The global investment collapse associated with the recent recession has pushed already low real rates lower still. There has been a flight to U.S. treasuries not only by foreigners, but this time by Americans too. Evidently, the perceived return to domestic capital spending remains low. (Some basic theory available here.)
Policy 
Given this pessimistic outlook, it seems unclear what monetary policy can do (the Fed is largely limited to swapping low interest currency for low interest treasuries).
I do, however, believe that there may be a role for the U.S. treasury (in principle, at least). In particular, given the huge worldwide appetite for U.S. treasury debt (as reflected by absurdly low yields), this is the time to start accommodating this demand. Failure to do so at this time will only drive real rates lower (possibly via deflation). For a world economy that is reasonably expected to grow, negative real interest rates imply a dynamic inefficiency. In short, this is the time to start raising real rates, not lowering them (real rates theoretically rise when new debt crowds out private capital, but note that new debt can also be used to finance corporate tax cuts to stimulate investment, if so desired).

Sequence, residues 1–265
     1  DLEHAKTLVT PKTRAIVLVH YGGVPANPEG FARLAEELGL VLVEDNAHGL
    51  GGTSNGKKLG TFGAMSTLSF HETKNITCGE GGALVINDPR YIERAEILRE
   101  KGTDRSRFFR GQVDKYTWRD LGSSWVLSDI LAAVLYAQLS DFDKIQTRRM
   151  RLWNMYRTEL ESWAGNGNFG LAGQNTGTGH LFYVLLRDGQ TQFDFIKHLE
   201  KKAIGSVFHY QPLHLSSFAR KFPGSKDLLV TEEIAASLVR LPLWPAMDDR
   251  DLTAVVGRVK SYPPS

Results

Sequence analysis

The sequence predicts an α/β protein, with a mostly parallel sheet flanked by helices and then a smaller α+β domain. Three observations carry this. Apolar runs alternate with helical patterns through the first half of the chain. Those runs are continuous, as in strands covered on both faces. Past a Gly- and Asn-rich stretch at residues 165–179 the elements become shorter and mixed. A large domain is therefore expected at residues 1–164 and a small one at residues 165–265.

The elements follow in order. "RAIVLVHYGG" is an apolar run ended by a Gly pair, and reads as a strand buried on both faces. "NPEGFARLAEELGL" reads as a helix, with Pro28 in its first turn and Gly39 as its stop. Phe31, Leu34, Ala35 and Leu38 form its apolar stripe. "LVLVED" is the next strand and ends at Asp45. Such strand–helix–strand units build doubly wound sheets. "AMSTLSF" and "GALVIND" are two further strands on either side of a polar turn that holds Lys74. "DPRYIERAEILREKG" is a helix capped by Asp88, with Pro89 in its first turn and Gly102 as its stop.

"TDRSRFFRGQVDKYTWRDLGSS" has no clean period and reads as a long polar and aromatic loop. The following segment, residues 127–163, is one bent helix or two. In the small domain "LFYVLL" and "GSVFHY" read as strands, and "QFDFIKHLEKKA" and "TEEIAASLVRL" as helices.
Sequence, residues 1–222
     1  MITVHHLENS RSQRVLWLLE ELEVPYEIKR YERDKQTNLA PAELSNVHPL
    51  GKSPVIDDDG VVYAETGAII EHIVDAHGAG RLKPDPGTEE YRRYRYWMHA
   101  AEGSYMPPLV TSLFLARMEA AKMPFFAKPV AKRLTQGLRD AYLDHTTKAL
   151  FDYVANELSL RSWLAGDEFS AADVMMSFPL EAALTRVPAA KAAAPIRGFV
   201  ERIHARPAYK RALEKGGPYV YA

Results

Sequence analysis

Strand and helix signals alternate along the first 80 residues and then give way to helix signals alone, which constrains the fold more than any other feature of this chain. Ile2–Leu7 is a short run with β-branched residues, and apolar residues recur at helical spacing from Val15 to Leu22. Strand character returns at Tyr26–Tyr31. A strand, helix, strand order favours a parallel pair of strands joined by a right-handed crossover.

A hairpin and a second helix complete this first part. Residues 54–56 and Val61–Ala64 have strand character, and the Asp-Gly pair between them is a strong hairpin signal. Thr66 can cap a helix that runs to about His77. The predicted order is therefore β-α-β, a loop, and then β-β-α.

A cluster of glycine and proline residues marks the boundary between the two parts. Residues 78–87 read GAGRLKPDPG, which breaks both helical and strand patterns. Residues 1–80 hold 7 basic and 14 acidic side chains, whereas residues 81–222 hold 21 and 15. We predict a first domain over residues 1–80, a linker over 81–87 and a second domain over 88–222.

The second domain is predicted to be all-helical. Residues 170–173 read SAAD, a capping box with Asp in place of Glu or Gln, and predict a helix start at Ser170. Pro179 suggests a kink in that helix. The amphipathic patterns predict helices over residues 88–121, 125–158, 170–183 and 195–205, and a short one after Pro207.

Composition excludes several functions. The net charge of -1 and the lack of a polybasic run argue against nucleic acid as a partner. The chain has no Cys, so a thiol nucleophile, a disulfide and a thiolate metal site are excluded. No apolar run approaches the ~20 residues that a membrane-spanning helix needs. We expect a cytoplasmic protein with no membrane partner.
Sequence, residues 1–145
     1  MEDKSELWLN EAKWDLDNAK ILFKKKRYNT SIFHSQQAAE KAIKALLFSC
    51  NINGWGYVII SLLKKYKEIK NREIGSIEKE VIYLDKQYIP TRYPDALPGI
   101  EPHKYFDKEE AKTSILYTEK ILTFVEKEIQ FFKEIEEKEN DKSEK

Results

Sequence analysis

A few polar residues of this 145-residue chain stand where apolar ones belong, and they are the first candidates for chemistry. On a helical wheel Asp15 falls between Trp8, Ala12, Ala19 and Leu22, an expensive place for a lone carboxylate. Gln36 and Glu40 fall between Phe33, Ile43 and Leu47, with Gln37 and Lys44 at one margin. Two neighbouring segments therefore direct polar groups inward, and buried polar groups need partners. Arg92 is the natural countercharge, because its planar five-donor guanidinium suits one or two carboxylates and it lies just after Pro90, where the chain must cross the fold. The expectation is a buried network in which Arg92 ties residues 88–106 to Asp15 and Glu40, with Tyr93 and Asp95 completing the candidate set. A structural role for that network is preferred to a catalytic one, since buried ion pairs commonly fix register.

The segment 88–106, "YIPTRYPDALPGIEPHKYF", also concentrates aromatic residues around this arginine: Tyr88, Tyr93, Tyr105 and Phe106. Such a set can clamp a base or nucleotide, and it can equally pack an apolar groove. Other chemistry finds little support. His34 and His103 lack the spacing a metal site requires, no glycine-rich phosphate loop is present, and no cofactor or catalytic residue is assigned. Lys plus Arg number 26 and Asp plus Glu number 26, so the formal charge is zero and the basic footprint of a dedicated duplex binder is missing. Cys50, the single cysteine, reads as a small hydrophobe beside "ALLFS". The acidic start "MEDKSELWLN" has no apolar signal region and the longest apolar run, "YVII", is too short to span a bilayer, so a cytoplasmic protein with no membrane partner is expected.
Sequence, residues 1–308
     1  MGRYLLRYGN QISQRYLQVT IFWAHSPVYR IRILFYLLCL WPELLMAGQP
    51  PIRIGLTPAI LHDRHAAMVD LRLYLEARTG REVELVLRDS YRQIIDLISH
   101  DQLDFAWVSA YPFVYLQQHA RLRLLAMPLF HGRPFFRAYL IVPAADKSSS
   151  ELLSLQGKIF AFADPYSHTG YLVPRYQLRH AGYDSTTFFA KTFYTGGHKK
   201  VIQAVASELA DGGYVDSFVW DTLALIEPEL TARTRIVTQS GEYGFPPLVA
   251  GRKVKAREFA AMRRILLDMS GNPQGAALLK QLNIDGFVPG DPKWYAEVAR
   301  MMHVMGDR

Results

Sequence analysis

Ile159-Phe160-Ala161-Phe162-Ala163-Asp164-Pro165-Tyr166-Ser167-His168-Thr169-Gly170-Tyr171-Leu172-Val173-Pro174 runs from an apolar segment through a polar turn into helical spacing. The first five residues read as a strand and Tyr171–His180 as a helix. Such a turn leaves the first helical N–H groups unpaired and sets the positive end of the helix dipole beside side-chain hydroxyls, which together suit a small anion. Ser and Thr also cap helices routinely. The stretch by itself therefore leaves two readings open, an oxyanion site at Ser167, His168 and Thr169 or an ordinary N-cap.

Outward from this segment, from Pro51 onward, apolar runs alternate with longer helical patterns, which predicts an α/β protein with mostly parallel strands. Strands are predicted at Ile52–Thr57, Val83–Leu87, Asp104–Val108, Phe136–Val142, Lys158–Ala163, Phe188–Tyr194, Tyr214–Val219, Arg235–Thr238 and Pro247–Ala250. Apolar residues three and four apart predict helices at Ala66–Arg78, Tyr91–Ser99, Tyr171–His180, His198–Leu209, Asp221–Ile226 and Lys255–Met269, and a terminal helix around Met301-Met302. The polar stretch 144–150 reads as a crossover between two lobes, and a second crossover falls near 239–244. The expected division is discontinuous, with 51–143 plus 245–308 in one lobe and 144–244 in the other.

Of course, what theory also tells us is that the government should also be prepared to reverse this recommended debt expansion (assuming that tax rates remain unchanged) once the domestic and world economy return to normal. One may legitimately question whether the government can be expected to make these cuts at the appropriate time. If the government lacks credibility along this dimension (or if future governments cannot be expected to abide by policies put in place by previous governments), then political forces may emerge to block an otherwise socially desirable debt expansion. Perhaps this is one way to interpret recent events.

Happy Thanksgiving

Posted: 24 Nov 2011 08:46 AM PST

Thanksgiving